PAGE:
Examining The Sustainability-Safety Nexus For Facilities

In new research the Campbell Institute examines the need for more equal distribution around environmental, social, and economic factors.


https://facilityexecutive.com/2016/12/nexus-sustainability-safety-facilities/
In new research the Campbell Institute examines the need for more equal distribution around environmental, social, and economic factors.
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Examining The Nexus Of Sustainability And Safety

In new research the Campbell Institute, the National Safety Council center of excellence for environmental, health and safety management, examines the need for more equal distribution around environmental, social, and economic factors.

Examining The Sustainability-Safety Nexus For Facilities

Sustainability programs have existed for decades, but their main emphasis has focused on environmental metrics. While these “green” efforts are certainly a part of sustainability, there is a growing trend that a more equal distribution around environmental, social and economic factors — including occupational safety and health — should be recognized. The Campbell Institute, the National Safety Council center of excellence for environmental, health and safety management, has released a white paper entitled “Profiles in Sustainability: Business, Community, and Environment” to demonstrate the connection between worker safety and health and true sustainability.occupational safety and health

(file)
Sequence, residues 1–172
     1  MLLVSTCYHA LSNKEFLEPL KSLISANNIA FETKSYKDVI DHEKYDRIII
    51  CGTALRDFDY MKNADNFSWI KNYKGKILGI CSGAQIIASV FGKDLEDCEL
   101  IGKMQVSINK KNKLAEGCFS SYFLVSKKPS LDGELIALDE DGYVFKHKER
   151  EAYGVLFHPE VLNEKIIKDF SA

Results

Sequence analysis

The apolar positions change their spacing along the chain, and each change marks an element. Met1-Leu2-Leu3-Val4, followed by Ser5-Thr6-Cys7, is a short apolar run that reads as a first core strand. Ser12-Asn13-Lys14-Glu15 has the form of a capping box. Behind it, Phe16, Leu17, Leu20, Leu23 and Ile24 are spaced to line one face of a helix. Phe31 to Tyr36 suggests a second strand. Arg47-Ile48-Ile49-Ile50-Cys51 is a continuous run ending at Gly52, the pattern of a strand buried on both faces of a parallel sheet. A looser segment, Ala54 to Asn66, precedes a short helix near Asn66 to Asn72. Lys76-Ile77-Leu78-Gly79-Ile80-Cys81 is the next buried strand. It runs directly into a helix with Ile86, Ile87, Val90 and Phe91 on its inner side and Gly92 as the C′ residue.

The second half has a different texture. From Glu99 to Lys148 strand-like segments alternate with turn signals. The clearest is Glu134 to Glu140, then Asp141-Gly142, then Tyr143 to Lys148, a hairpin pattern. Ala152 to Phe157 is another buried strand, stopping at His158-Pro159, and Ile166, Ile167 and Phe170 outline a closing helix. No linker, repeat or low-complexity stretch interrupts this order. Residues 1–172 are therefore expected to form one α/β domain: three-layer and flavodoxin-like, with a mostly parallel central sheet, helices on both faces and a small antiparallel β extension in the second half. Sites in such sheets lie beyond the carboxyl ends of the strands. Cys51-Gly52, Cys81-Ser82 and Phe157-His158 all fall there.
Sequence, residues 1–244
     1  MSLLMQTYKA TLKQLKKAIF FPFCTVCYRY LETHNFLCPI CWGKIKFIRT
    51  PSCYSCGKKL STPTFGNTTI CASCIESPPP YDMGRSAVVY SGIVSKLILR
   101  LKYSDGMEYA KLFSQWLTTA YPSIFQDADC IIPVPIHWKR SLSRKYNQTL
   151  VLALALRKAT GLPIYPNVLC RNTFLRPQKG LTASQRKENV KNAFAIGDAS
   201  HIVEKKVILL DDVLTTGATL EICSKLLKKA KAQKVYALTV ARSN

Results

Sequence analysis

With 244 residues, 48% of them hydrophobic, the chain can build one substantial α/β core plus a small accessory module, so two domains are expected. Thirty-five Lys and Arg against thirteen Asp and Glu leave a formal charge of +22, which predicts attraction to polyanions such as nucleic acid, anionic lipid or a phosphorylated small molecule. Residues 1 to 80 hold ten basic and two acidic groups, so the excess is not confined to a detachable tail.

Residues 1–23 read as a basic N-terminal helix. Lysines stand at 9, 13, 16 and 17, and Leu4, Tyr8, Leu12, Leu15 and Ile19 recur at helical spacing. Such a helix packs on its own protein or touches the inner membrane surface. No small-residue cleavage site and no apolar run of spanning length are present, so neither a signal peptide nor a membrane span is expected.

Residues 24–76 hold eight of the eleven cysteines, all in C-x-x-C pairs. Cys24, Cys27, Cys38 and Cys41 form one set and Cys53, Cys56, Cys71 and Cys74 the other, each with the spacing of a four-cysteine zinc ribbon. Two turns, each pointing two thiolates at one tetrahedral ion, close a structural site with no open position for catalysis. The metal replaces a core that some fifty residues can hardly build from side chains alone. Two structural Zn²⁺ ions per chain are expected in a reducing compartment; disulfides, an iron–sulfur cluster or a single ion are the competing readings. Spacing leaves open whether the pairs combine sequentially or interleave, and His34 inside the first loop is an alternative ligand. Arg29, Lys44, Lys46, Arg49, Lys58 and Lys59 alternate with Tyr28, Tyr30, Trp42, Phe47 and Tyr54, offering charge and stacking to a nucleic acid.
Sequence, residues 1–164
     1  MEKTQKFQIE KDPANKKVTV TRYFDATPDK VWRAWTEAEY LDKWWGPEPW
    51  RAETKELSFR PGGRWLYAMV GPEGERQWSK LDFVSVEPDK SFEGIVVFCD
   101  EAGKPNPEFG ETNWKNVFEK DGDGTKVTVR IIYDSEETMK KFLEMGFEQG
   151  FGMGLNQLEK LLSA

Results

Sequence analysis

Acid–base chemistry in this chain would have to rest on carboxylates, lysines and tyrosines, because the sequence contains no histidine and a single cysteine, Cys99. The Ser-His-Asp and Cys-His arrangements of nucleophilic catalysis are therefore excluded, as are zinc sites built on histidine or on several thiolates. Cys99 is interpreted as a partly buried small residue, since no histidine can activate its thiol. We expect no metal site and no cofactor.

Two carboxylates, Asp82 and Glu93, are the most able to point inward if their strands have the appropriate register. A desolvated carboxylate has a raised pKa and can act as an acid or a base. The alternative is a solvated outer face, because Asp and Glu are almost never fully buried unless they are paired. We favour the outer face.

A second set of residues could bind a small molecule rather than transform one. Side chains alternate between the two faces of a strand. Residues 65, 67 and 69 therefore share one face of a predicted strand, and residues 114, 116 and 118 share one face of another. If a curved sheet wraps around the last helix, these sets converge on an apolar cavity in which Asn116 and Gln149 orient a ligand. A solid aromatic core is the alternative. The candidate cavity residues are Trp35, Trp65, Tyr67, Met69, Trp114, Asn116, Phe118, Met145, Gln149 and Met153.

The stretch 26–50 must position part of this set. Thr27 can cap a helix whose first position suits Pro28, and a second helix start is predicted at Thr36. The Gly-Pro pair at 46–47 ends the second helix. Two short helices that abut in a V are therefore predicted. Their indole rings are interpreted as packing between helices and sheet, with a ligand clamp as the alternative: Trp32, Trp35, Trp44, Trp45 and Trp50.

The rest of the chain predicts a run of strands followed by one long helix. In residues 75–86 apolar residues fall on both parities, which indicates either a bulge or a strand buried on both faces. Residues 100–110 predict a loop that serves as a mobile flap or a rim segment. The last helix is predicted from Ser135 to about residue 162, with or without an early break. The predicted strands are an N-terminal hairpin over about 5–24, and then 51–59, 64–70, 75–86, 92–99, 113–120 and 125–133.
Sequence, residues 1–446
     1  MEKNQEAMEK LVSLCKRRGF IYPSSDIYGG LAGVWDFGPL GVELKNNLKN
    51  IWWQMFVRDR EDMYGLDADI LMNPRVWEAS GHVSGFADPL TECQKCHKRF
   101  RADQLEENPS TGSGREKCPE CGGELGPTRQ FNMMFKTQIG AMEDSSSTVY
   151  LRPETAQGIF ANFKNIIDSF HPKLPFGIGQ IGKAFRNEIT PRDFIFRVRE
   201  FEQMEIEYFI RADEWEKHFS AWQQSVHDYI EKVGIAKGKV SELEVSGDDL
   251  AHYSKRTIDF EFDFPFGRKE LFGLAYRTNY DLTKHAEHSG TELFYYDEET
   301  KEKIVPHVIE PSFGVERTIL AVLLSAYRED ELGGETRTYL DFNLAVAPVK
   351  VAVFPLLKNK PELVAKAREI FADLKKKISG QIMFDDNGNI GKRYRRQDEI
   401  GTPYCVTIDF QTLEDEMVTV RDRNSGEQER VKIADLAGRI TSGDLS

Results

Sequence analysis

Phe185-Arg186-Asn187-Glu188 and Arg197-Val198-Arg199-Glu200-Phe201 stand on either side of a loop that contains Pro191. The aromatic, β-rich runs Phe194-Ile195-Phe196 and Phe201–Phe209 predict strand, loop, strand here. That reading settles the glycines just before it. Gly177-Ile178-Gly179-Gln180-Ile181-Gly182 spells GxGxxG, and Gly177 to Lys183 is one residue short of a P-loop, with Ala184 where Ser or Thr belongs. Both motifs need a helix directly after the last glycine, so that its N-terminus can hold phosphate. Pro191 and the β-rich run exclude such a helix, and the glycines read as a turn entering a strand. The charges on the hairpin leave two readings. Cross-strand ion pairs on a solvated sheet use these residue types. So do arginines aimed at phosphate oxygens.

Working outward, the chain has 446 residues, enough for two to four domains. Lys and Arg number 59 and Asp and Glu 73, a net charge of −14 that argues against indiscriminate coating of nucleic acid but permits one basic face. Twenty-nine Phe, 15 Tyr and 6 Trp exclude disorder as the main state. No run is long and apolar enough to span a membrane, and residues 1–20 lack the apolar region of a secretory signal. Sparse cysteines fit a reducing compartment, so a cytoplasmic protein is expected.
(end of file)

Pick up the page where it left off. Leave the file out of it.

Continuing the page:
“It has become increasingly clear that sustainability must go beyond ‘green’ efforts,” said John Dony, director of the Campbell Institute and director of environmental, health, safety and sustainability at the National Safety Council.  “Campbell Institute members know there is a strong link between occupational safety and health and sustainability that organizations need to recognize. Businesses are only as sustainable as their people. ”

The white paper, which contains real world experiences of eight Institute members, outlines their best practices for developing and managing sustainability efforts. It explains how sustainability implies a corporate responsibility not only to the planet, but also to the organization’s people by protecting worker health and safety, and to profitability by ensuring a viable business for many years to come.

Five common areas were identified among the research participants, including:

  1. Defining sustainability according to a “triple bottom line” approach
  2. Using recognized standards to report on sustainability
  3. Expressing a need for more and better metrics for return on sustainability efforts
  4. Finding better leading metrics for sustainability and more ways to correlate environmental sustainability with safety
  5. Developing aspirational yet attainable sustainability goals

Organizations contributing to the research include AES, Cummins, FCA, ISN, Mosaic, Owens Corning, United Rentals, and USG. The white paper is available for download at the Campbell Institute website.

The National Safety Council and Campbell Institute also contributed to the new OSHA white paper addressing this shift, “Sustainability in the Workplace: A New Approach for Advancing Worker Protections,” and strongly support further innovation in expanding the common focus areas of sustainability. The December 2016 white paper from OSHA is available for download here.

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